Messy Pizza and Messy Nights: Alumni look back fondly at Marquette’s nightlife

The+Avalanche+Bar+closed+permanently+on+April+24%2C+1997.+Photo+courtesy+the+Department+of+Special+Collections+and+University+Archives%2C+Marquette+University+Libraries.

The Avalanche Bar closed permanently on April 24, 1997. Photo courtesy the Department of Special Collections and University Archives, Marquette University Libraries.

It’s the late 90s at Marquette and a night at the Avalanche Bar at 1504 W. Wells. St. makes up for a long week studying in Memorial Library. Its make is cinder blocks, a small pool table, a dartboard in the corner and cheap beer, with as many Marquette students as it can possibly hold.

“It really was a hole in the wall,” Peter Pedraza, a ’97 Marquette alum, says. “It was a great place though, as a college kid. It was super cheap.”

The Avalanche was one of eight bars within the span of just a few blocks past the Evans Scholars house. There were no Campus Town Apartments or fraternities near Wells St. Just bars, food joints and Marquette students looking for a good time.

“There’d be a house party and then we’d end up at the ‘Lanche,” Pedraza says.

The ‘Lanche for then-students and now-alumni was not only a place for spending weekends, but also for partaking in old traditions.

The ‘naked beer slide,’ a drunken phenomenon, is the most famous of all. It happened at closing time and only the bold, and very inebriated, would remove all of their clothing while other patrons poured what was left of their beers onto the floor for the naked person to belly flop onto and slide through the residue and filth.

“Some of us may or may not have partaken in that tradition, but I think we can all say that we witnessed the tradition plenty,” Brian Roche, a ‘96 Marquette alum, says.

Before cellphones and text messaging, Roche says everyone would call the bar to ask who was there.

“That’s how we’d determine our evening a lot of the time. We’d call a bar, ask who was there and that’s where you’d go,” he says.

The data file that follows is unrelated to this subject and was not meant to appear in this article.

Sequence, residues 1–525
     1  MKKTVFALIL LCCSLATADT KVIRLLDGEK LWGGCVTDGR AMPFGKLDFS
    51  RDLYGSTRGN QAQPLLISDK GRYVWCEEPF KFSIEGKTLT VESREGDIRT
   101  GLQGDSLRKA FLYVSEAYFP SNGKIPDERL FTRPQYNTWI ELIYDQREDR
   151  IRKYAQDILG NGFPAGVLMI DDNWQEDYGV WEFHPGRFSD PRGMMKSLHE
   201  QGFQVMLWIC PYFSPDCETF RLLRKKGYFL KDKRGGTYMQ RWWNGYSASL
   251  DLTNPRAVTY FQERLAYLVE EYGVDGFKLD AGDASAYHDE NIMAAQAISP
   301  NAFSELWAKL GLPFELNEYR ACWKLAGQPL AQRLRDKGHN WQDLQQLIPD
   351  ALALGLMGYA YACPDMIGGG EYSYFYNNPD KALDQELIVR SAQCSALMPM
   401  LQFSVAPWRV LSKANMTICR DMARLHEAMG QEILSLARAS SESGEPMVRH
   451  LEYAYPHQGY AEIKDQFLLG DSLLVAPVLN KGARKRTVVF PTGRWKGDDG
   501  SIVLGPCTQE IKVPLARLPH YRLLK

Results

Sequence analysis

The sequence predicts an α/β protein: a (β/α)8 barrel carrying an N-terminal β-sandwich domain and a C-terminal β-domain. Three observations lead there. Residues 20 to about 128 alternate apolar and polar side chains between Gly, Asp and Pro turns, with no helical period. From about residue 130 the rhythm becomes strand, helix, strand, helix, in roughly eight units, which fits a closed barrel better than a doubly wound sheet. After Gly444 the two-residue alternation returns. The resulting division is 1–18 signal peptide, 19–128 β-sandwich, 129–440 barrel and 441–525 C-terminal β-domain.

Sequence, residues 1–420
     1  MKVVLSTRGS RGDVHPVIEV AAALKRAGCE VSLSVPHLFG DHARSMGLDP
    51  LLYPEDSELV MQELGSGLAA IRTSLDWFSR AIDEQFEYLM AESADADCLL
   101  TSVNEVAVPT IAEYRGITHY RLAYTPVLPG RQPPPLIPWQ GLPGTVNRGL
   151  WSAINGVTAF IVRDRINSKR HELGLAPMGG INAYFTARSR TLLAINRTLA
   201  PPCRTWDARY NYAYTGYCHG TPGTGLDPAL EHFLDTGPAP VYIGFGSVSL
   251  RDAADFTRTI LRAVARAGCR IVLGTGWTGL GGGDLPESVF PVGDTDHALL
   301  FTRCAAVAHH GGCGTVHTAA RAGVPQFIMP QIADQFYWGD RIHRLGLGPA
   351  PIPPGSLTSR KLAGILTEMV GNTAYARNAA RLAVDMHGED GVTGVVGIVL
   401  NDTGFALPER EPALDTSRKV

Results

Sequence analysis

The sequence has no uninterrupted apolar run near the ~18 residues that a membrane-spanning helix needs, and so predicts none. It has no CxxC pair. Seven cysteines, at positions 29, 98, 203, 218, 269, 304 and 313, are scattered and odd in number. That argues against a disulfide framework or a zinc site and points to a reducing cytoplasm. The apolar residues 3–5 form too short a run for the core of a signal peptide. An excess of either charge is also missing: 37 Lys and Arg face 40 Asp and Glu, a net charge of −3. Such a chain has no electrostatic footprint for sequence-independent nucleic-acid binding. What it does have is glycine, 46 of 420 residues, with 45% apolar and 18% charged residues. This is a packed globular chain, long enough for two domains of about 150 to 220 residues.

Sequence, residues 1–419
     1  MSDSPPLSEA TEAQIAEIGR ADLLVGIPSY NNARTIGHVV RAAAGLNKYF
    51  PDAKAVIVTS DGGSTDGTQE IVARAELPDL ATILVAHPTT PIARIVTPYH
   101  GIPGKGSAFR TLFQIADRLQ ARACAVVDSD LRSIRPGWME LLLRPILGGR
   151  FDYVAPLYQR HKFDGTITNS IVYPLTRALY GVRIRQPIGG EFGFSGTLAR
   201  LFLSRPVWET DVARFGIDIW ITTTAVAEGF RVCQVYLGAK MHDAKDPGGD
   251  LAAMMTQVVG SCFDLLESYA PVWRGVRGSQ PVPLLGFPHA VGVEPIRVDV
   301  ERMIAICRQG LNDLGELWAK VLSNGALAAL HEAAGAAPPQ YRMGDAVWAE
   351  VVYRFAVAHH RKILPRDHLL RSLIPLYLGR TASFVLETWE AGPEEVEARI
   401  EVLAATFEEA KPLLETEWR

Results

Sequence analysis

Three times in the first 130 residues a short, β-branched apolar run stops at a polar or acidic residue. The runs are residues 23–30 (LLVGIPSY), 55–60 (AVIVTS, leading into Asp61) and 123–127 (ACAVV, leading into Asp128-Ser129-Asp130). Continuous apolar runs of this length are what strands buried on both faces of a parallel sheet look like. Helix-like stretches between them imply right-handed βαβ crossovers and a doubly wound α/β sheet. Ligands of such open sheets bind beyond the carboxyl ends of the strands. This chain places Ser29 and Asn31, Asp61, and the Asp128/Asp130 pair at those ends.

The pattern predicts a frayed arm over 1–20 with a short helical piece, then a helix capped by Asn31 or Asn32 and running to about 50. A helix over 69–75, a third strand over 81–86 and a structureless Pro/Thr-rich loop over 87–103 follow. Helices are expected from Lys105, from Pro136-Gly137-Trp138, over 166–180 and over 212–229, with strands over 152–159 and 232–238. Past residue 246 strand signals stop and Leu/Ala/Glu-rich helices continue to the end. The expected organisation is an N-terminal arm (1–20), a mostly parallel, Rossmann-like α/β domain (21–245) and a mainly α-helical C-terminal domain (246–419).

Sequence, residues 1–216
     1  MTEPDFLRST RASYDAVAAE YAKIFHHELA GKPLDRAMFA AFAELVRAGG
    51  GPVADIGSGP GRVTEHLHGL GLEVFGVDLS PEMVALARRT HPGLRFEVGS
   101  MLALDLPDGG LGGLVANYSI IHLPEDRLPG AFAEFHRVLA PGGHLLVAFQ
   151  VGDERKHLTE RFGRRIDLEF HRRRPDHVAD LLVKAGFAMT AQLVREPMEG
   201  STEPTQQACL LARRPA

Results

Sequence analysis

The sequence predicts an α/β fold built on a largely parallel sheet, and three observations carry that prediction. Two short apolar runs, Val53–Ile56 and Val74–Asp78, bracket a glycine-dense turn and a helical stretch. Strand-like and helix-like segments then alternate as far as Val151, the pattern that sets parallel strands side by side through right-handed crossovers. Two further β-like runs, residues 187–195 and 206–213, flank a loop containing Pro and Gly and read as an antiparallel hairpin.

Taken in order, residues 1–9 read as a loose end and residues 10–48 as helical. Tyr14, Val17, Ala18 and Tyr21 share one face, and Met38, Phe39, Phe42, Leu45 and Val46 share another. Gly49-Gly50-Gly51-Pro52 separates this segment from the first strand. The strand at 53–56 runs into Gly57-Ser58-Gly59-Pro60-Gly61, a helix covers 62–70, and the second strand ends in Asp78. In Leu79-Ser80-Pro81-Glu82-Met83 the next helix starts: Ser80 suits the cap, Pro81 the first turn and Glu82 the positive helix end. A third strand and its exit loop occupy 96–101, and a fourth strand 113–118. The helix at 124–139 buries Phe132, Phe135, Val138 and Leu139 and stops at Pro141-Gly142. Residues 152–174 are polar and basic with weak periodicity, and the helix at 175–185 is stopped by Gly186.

Many students worked as bartenders in the bars as well as the surrounding restaurants, like Pizza Joe’s. Durkin says the student employment was like bartering.

“We’d barter. We’d go with two pizzas and (other students and friends) would come back with a pitcher. It made for messy pizzas and messy nights,” Durkin says. 

For Pedraza, Durkin, Roche and ’96 Marquette alum Kim Anderson, remembering late nights at Marquette are what has kept them together in the years since graduating. How all four of these Marquette alumni got together is a blur.

“I don’t think it was a single meeting. The group kept growing and growing out,” Durkin says.

Durkin says the four years they attended Marquette was an interesting time, not just for their friend group, but for the university itself. At that time, Durkin says Marquette was buying more property and trying to close down bars. It was also the time when the university decided to change mascots, from the Warriors to the Golden Eagles.

“You could feel it contracting,” Durkin says. “They were trying to get rid of this crazy beer slide, naked beer slide, party image.”

Durkin later came back to Marquette for graduate school in 2001.

“I really saw the shift in that period,” Durkin says.

Comparing today’s campus establishments to what they were back then, Roche says it feels three quarters different.

Yet for these alum, reflecting on their good times and seeing how Marquette is today makes them proud.

Anderson says the caliber of the Marquette student has changed over the years.

“What I love about Marquette is that it has always had the mission in serving the community,” Anderson says. “I think that has only grown stronger as well.”

Roche, who returns to campus every year for a Marquette game with his kids, says the overwhelming sentiment for him is pride and nostalgia. He recalls a time coming back to campus where he ran into Pedraza in the bookstore. They both were with their kids.

“I was almost in tears, seeing Pete in the bookstore, it gives you chills,” he says. “We’re all here just trying to capture the same thing.”

Roche puts it simply.

“I want so badly to have one more time, one more night, the ‘Hey, let’s see everybody at ‘Lanche, see everybody at Haggerty’s, that one more chance,” he says. “It would probably suck because we are all old and we’d fall asleep by 7:30. But at the same time, you’d give anything to have one more time with this group, because it was so wonderful.”

This story was written by Natallie St. Onge. She can be reached at natallie.stonge@marquette.edu.